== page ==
Ah the cloud. A stellar piece of human ingenuity and design that allows us to access our data from anywhere and provides opportunities for distributed computing. From a Disaster Recovery perspective, it sounds like we have entered Valhalla. It’s distributed, scalable, always-on, sounds perfect right? Wait a minute. This sounds too good to be true.True resiliency is about defense-in-depth (Not just for IT, goes for people and hardware too). More than just having a plan, it’s all about maintaining a variety of options available to you in the event of the worst. The cloud is a good tool, but it is just one tool. A cloud can be a solution in and of itself, but other mitigation measures may be required. A good, thorough business impact analysis (BIA) will tell you exactly how far you need to go (in terms of dollars, or mission accomplishment). The bitter pill is that a necessary solution may require more than just dumping data into a cloud. The bitterness comes from the cost associated with multiple solutions, but again, data integrity and the ability to recover may be worth the cost.Before lunging into a cloud solution, ask these questions:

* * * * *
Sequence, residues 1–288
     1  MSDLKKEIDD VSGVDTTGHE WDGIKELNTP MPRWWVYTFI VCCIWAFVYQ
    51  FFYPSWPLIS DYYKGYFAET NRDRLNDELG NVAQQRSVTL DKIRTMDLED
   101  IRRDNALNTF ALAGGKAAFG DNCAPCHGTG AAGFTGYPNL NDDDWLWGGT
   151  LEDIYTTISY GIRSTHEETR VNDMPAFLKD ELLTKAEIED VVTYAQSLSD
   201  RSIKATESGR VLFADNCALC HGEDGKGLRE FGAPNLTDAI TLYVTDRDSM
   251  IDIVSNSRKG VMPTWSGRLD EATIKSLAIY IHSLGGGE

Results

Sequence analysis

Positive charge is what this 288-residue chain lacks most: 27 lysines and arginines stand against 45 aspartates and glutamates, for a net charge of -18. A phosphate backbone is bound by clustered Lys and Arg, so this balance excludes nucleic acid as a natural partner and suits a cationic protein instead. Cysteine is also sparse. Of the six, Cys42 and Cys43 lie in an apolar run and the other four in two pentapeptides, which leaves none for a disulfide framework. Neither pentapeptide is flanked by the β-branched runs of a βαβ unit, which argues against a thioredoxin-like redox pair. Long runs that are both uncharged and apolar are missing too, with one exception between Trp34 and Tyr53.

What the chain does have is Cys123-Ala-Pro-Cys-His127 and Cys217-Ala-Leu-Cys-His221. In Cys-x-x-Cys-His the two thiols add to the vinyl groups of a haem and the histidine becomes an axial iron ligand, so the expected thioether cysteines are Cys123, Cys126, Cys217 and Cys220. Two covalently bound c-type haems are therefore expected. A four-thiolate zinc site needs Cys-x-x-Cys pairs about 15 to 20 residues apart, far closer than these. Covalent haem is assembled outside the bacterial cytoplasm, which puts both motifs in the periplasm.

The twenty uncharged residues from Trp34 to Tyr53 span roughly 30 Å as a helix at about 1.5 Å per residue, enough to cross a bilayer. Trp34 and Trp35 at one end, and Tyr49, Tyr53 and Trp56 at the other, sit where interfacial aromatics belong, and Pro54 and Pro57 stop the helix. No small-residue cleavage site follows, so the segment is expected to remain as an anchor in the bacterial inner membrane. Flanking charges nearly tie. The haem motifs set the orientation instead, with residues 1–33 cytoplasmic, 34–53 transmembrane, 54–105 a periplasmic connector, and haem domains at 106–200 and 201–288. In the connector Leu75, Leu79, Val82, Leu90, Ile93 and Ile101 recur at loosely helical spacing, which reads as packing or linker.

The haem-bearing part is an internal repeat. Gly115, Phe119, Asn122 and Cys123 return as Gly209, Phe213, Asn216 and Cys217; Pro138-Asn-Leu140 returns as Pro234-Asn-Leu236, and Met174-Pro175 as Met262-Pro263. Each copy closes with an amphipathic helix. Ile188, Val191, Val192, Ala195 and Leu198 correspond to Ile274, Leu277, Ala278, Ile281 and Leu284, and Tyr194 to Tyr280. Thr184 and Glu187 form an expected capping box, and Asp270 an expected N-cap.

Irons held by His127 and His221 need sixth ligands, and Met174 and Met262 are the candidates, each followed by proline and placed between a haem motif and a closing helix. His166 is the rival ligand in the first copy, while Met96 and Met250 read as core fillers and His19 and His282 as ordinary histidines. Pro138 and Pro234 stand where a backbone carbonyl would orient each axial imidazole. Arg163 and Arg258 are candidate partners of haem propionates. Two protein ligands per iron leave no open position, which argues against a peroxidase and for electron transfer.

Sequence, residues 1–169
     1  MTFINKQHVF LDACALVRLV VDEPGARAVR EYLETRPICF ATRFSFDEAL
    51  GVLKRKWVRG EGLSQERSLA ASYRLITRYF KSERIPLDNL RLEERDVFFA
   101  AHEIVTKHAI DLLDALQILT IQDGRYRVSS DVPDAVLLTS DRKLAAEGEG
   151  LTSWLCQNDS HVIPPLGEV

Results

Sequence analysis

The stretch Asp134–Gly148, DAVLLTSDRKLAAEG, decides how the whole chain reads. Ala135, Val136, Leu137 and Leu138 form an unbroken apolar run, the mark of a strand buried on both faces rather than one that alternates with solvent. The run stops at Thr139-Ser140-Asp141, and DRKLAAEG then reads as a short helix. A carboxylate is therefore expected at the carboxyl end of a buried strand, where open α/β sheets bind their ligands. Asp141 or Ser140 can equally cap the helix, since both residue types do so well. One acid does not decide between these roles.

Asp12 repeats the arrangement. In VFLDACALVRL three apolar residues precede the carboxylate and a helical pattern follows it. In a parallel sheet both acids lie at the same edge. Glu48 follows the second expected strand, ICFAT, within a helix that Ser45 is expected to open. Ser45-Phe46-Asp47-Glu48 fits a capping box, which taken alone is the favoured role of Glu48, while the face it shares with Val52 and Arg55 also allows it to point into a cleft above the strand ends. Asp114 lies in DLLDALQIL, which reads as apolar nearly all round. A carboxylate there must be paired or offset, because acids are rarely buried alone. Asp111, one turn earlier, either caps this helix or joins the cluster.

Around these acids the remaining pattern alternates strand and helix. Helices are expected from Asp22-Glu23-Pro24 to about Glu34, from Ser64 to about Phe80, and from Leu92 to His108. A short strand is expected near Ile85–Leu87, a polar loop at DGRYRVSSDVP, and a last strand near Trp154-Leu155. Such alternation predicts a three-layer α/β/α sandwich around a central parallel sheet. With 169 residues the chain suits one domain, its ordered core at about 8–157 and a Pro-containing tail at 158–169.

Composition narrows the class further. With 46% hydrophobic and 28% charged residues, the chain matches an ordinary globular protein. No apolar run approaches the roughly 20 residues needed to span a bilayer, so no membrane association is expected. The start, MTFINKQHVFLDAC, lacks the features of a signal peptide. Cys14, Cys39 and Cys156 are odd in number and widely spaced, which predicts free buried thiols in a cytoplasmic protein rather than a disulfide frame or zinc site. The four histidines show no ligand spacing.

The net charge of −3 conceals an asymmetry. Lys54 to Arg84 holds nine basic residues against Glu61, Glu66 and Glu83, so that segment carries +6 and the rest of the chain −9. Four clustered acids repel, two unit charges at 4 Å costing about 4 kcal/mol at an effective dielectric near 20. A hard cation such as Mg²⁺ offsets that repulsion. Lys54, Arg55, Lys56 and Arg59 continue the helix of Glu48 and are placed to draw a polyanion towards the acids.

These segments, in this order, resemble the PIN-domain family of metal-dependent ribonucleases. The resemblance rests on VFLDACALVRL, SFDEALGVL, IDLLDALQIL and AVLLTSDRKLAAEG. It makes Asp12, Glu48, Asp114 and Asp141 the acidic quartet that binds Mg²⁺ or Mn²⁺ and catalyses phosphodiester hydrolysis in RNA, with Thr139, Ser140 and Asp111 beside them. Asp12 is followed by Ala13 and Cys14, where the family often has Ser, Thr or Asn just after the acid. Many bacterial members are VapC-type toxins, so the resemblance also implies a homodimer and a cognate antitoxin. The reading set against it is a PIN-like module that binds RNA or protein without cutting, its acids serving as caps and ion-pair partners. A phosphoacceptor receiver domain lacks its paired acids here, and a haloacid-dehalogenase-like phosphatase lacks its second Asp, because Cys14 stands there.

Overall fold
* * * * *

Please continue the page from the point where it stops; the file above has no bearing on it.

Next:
- Do I need off-site data storage?
- What can I trust to be stored on a system I don’t control?
- Do I have to worry about data mobility?
- What about accessibility? Do I need this data within a certain time period? Does it need to be remotely accessed from a location across the country?
- How will I recover if I have to start from a green-field?
There are many cloud providers out there and each of them is different in terms of their design, how they can help you answer the questions above, and service level offerings. Like any major system, there are always weaknesses and vulnerabilities that may be 3rd, or even 4th order. It takes a skilled risk professional to analyze, ask the questions and figure out exactly how everything works. I'll follow up with an explanation of the questions above. We'll also explore a few of the major cloud providers and the services they offer that can provide further resilience to your business, but we'll also explore some of the weaknesses behind them.In the end as with all things in Business Continuity, your BIA is your go-to source for preparing and defending your options list. Having multiple answers is never cheating during an incident. It’s just good business.